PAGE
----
Husband Files for Divorce After Taking $25M Worth of Art


husband files for divorce

Tracey Hejailan-Amon, a Manhattan socialite, filed a lawsuit against her husband, millionaire Swiss entrepreneur Maurice Alain Amon, after claiming he hid anart collection valued at $25 million before filing for divorce.

Hejailan-Amon, who was in Europe when Amon filed for divorce, stated that she collected the artwork – between 17 and 20 pieces – during the couple’s marriage. The collection included pieces by Andy Warhol, Jean-Michel Basquiat, Damien Hirst, and other artists.

In her lawsuit, which was filed on Monday, she described her husband’s removal of the artwork from their $16 million Manhattan apartment as “illegal and unlawful,” claiming the artwork is marital property. Hejailan-Amon’s lawsuit states the couple did not sign a prenuptial agreement.

According to attorney Sarah B. Hechtman – who practices practices matrimonial and family law at Jones Morrison, LLP in Westchester NY – Amon did not have the right to take the artwork or attempt to sell it. “In New York, the law provides that neither spouse may transfer or sell or otherwise disturb any assets pending resolution of the matrimonial case,” she explained. “During the litigation (or settlement negotiations) of the matter, it will need to be determined what is marital property and thus subject to equitable distribution, and what is separate property.”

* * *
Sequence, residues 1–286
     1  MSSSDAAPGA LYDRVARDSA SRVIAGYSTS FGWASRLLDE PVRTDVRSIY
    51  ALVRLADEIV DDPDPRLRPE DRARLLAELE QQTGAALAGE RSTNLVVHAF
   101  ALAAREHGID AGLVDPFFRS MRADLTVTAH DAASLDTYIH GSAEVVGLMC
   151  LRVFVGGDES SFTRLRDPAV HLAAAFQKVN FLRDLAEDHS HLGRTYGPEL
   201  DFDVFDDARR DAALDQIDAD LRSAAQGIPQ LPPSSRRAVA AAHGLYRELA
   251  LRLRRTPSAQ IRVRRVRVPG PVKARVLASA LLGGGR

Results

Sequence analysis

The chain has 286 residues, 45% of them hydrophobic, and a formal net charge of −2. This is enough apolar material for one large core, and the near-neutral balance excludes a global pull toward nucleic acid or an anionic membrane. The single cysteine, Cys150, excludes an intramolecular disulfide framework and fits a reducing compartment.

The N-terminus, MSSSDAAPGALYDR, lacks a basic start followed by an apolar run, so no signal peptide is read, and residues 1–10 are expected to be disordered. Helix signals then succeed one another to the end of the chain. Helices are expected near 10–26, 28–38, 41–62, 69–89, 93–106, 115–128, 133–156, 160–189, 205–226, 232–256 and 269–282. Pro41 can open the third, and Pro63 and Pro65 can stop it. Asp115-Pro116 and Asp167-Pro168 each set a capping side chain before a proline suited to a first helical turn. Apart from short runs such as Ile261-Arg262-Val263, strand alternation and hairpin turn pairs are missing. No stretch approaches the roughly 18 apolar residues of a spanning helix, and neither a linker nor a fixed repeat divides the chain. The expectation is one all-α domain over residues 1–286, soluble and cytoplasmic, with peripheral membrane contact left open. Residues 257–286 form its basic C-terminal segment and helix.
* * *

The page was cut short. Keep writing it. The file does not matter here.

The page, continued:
Peter Bronstein, a lawyer for Amon’s private company, has claimed that his client has full ownership of the artwork and that it is not marital property, adding that Hejailan-Amon was aware of Amon’s plan to remove the art from their apartment.

“If the art was purchased with marital or joint assets, then the court would find (or the parties would agree) that it is marital property and would divide it between the parties ‘equitably’ or fairly,” said Hechtman.

According to Hejailan-Amon, Amon had the artwork taken to a Queen’s store facility in October before filing for divorce in Monaco – where there’s no legal concept of shared property. In the lawsuit, she stated her husband had already put one painting up for auction. Amon claims to have residency in Monaco; however, Hejailan-Amon says the couple never lived in the country.

Hejailan-Amon, 47, and Amon, 64, married in Hong Kong in 2008. Since then, they have lived in various cities around the world. According to her lawyer, Aaron Richard Golub, Hejailan-Amon was not aware Amon was planning a divorce. “She was in Europe and she didn’t even know what was going on. She thought she was happily married,” Golub told the New York Post.

This isn’t Amon’s first conflict over marital property. Amon, who owns a security company, was previously married to Roberta Amon – whom he divorced in 2005. His ex-wife sued him for her share of marital money, according to New York Daily News.

Stephen J. Jones
Direct Dial For All Offices